18 Simple Golf Tips For Beginners
Taking up golf can be quite a daunting prospect for some. It is still seen by many as a stuffy game played by rich old men although nothing could be further from the truth.
In addition to the complexities of actually hitting a golf ball, you might worry about the rules and etiquette of the game or what equipment you are going to need. Here are 18 simple golf tips for beginners to help you maximize your enjoyment of this great game.
Don’t forget that everybody had to start somewhere and even today’s tour players were probably hacking it round at the start of their golfing journey!
The Golf Swing
Even for people who are fairly good at sports, golf can be a difficult game. I think one of the biggest problems for most people is that the ball is stationary. This means you can’t use your instinctive reactions to connect with the ball. You have to learn a series of awkward movements to make a decent connection.
Should You Take Lessons?
I think this probably comes down to how seriously you think you want to take the game. At the outset, you probably just want to get a feel for swinging the club around you and trying to make contact with the ball. This could be at a driving range, a par-3 course or even just a field nearby.
Try not to get bogged down in the mechanics of the swing too soon. Personally, I’ve only had a couple of lessons and they were quite a few years after I started playing. I have played off single figures for over 20 years and everything I learned about the golf swing I picked up in my local library. Yes, I am that old!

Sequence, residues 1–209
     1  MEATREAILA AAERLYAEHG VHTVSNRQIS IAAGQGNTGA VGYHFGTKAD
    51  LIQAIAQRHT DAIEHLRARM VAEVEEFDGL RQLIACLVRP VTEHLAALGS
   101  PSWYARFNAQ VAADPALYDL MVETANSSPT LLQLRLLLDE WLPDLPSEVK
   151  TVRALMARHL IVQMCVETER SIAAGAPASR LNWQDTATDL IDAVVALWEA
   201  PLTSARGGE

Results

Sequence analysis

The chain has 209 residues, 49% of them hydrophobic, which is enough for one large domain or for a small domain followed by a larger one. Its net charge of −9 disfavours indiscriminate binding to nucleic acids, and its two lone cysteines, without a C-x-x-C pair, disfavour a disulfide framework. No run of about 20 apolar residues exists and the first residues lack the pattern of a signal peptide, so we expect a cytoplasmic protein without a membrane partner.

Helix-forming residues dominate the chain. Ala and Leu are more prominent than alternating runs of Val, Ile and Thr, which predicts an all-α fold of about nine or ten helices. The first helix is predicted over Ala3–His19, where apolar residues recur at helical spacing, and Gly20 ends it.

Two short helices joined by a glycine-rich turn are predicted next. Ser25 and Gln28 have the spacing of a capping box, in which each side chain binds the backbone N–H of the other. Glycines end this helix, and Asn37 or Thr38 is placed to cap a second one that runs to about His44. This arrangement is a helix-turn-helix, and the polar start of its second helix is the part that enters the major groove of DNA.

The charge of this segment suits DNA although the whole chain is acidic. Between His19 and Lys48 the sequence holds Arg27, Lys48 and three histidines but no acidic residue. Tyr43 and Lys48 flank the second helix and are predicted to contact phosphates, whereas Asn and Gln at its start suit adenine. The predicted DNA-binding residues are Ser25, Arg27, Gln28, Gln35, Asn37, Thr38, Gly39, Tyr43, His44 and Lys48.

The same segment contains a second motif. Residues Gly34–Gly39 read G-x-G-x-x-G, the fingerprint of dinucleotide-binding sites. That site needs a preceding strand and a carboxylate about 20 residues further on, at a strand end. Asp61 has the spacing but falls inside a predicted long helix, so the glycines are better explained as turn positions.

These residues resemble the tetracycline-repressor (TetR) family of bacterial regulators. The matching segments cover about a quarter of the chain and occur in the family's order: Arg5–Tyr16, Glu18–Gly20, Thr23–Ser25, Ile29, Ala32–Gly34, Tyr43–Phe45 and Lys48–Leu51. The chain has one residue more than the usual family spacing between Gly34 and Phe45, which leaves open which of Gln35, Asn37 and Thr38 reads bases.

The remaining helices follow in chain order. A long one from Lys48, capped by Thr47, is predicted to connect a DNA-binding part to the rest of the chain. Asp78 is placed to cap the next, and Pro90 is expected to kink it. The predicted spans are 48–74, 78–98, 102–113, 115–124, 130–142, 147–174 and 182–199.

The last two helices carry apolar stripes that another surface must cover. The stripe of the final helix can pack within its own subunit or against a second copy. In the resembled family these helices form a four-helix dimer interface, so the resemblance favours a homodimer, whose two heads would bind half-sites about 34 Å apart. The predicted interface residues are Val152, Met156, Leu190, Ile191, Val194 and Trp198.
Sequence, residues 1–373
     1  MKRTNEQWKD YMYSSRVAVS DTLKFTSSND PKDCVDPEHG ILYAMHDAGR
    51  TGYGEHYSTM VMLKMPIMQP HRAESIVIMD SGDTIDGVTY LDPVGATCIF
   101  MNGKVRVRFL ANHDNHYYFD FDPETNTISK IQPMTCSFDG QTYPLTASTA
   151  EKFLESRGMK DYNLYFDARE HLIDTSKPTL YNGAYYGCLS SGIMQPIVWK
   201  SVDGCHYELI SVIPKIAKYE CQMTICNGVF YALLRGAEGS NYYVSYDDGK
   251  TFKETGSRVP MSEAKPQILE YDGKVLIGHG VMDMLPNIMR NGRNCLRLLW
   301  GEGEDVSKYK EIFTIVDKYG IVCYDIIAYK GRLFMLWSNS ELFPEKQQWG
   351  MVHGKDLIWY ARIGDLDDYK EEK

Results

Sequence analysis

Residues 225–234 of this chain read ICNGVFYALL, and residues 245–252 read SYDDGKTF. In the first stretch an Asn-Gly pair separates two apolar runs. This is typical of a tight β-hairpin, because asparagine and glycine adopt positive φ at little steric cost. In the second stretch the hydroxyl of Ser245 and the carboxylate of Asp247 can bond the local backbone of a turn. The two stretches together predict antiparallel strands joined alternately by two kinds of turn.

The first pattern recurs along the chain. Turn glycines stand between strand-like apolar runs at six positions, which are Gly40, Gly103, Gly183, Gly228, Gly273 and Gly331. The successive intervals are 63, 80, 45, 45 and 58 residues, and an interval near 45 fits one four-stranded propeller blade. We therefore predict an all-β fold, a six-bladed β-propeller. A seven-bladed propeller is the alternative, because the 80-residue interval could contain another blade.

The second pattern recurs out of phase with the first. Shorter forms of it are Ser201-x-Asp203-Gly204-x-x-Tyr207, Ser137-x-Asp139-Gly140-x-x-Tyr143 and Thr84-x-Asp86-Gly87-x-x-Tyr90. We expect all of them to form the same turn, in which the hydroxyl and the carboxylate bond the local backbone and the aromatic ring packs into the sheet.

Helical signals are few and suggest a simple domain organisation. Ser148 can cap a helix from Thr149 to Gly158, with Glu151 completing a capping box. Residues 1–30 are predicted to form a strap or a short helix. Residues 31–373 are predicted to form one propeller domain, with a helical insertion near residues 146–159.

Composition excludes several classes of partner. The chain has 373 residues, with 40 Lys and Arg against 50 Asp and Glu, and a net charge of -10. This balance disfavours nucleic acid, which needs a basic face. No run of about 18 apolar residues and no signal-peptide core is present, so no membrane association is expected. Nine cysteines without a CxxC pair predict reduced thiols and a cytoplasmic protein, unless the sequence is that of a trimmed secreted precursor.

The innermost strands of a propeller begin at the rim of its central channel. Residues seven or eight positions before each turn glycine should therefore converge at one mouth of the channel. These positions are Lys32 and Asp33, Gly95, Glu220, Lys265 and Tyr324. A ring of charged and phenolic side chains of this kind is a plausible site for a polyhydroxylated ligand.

Whether you decide to take lessons or just rely on YouTube videos and blog posts you will eventually need to work on the mechanics of your golf game in order to improve.
A great way to start if you are unsure is to find a local professional who runs group sessions for beginners. This can even add the added benefit of giving you some ready-made practice and playing partners who are all at a similar stage of development.
If you’re a little too intimidated to take in-person lessons then you might want to check out one of the many pros who offer an online package of lessons.
Work On The Fundamentals
One area that beginners can work on that can pay dividends, in the long run, is getting the fundamentals of golf correct. Work on your grip, aim, stance and posture. If you can get these elements right consistently then you’ll be well on the way to producing better golf shots. The added bonus is that you don’t even need to visit the driving range to work on those aspects of your game! Even tour pros that have been playing the game for donkey’s years still work on these basics so that they have a solid foundation on which to build their swing.
Will You Have To Practice?
While practice doesn’t necessarily make perfect if you’re going to stand a good chance of improving your game then you will need to work on it. That doesn’t necessarily mean hitting thousands of balls a week, however. It’s more about the quality of the practice than the quantity. This is one area where having lessons is usually a benefit as a professional can give you the right things to work on.
In fact, I would go so far as to say there’s probably not much point in investing lots of money in lessons unless you have the time and are prepared to practice.